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House gives initial approval to bill that limits personal injury awards

February 26, 2003
By: Matt Talhelm
State Capital Bureau

After nearly a month of committee hearings and across-the-aisle exchanges, the House gave preliminary approval to a bill that would limit medical malpractice awards.

Matt Talhelm (TALL-helm) explains.

The bill puts a three-hundred-fifty thousand dollar cap on pain and suffering damages that juries can award patients.

It also limits attorney fees and requires greater proof of intentional wrong-doing by medical professionals.

While Republican supporters say the bill will help bring doctors driven out by high insurance costs back to the state. But St. Louis City Democrat Connie LaJoyce Johnson say the reforms aren't enough.

Actuality: tortref.wav
RunTime: 15
OutCue: "...insurance industry."
Contents: "It's not real tort reform. It's window dressing. I mean, I do think in fairness there are a couple of areas where some progress was made, but we're going to be right back here next year, because there's nothing in that bill that's going to change the practices of the insurance industry."

Opponents of the bill failed to hold the bill in the House for further discussion on insurance costs. The House will take a final vote on the bill before passing it to the Senate. From Jefferson City, I'm Matt Talhelm for KMOX News.


The House gave its preliminary approval to a bill that would limit damages awarded in medical malpractice cases.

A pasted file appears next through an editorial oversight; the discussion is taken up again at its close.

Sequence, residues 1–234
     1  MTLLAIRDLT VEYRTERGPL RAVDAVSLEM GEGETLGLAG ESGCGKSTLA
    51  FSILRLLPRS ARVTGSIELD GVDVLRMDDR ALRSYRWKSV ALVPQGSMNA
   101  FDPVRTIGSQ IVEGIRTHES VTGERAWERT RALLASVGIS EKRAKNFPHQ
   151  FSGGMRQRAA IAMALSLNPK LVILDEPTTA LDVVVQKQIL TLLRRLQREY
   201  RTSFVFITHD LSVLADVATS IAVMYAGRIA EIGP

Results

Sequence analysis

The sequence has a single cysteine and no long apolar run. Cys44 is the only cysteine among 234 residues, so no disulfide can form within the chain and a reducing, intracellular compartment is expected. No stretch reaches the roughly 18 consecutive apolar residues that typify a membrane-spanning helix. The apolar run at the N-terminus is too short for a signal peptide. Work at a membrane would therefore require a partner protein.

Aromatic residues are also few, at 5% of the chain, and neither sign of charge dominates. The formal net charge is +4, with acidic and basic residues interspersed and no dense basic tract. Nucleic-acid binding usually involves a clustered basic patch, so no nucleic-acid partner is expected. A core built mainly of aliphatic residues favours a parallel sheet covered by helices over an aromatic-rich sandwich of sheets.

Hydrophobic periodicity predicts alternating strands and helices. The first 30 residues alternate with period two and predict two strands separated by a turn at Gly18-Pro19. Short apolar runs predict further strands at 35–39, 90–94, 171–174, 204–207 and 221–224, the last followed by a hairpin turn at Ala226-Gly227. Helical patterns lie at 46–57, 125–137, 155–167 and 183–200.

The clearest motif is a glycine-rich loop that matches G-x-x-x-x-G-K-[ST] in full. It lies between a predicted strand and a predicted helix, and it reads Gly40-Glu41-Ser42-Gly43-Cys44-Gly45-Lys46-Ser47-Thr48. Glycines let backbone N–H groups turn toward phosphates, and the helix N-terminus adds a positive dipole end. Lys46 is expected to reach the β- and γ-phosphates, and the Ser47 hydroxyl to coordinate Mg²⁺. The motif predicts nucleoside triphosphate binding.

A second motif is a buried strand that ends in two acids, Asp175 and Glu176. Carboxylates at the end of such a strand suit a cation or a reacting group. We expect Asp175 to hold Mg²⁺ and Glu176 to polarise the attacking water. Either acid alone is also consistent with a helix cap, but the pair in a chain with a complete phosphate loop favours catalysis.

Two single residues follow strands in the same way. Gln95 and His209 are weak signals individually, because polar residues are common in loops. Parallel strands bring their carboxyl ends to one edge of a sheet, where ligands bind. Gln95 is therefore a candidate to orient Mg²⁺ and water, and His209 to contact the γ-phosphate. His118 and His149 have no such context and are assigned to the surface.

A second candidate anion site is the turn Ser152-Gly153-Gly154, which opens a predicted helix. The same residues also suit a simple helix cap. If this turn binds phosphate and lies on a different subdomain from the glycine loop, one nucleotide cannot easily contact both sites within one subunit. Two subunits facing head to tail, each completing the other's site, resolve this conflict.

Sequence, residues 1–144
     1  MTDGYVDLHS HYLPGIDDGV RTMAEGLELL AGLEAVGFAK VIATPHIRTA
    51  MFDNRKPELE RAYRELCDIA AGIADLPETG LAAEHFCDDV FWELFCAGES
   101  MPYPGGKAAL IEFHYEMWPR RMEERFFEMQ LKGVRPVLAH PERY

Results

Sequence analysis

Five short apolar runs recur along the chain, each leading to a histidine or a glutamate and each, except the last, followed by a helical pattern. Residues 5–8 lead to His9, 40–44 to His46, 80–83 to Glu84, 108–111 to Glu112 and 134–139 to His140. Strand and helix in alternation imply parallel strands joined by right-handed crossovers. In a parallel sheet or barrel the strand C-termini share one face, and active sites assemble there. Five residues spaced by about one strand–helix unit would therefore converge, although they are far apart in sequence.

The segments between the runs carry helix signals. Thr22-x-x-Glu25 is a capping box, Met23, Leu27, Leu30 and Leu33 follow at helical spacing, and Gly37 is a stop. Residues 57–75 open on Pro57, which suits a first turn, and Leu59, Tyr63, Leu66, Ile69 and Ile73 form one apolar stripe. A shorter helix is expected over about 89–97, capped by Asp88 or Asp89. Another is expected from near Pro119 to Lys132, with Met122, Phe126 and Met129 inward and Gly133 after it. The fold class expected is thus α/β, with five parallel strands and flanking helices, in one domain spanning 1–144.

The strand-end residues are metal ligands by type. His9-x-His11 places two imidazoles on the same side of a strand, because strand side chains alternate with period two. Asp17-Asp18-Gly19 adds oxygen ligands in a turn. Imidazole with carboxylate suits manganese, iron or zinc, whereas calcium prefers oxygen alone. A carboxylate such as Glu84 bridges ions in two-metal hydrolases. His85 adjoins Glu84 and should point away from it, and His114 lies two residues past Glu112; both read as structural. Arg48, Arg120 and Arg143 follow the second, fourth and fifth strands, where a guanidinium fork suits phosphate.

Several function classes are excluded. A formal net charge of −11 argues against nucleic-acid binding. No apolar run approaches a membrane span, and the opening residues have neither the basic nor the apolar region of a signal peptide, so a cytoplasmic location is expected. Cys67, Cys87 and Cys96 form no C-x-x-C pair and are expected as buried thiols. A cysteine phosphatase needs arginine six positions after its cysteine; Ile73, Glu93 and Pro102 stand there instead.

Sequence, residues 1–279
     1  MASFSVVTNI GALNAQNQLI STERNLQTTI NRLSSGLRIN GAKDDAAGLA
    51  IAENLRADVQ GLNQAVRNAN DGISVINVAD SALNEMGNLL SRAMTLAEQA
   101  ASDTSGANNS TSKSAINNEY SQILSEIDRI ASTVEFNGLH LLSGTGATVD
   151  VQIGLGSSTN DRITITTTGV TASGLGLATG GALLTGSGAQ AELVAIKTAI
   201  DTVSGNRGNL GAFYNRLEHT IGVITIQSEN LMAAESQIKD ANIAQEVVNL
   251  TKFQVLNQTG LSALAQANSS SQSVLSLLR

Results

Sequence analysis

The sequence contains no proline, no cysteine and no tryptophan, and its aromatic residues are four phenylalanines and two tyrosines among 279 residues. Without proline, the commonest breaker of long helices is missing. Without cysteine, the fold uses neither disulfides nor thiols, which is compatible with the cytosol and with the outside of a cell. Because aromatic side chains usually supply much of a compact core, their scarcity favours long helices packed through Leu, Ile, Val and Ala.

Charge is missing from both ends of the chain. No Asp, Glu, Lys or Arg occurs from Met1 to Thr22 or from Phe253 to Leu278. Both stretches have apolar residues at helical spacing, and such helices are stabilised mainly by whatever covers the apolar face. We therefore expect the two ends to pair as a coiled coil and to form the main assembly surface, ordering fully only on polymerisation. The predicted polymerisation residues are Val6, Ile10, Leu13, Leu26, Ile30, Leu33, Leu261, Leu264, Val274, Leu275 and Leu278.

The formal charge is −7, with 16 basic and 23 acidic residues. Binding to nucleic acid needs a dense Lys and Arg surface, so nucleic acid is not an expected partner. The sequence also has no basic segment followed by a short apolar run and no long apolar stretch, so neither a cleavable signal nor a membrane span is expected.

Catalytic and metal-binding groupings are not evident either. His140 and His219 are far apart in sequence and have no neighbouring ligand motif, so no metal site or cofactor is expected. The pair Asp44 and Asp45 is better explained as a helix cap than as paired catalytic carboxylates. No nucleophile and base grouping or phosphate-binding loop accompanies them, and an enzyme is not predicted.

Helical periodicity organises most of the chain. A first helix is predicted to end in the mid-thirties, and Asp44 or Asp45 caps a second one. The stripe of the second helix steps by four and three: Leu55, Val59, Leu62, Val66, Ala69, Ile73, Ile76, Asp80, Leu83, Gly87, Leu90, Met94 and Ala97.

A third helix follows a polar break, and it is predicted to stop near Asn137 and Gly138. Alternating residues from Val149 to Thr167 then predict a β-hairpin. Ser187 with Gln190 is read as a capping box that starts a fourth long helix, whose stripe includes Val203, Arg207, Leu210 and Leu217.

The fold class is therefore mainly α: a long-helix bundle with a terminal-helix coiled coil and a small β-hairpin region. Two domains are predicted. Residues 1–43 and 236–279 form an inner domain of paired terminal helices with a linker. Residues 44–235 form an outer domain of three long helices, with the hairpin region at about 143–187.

Matt Talhelm reports.

After a day of debates, the House gave initial approval to the bill which caps pain and suffering damages at three-hundred-fifty thousand dollars.

The bill also limits attorney fees and requires all malpractice cases to go into mediation first.

Supporters blame increasing lawyer fees and the number of lawsuits for high insurance costs.

But St. Louis City Democrat Connie LaJoyce Johnson says the bill may not impact the insurance costs , costs she says are driving doctors out of Missouri.

Actuality:
RunTime: :15
OutCue: "addresses that issue."
Contents: "When you have doctors who are leaving the state not necessarily because of high jury verdicts, but because the insurance industry is able to double and triple premiums for these doctors and they're no able longer to practice in their specialty, and there's nothing in that bill that addresses that issue."

Several lawmakers fought against the bill, saying the caps limit liability and hurt victims of malpractice. In Jefferson City, I'm Matt Talhelm for Missouri Capitol Caucus.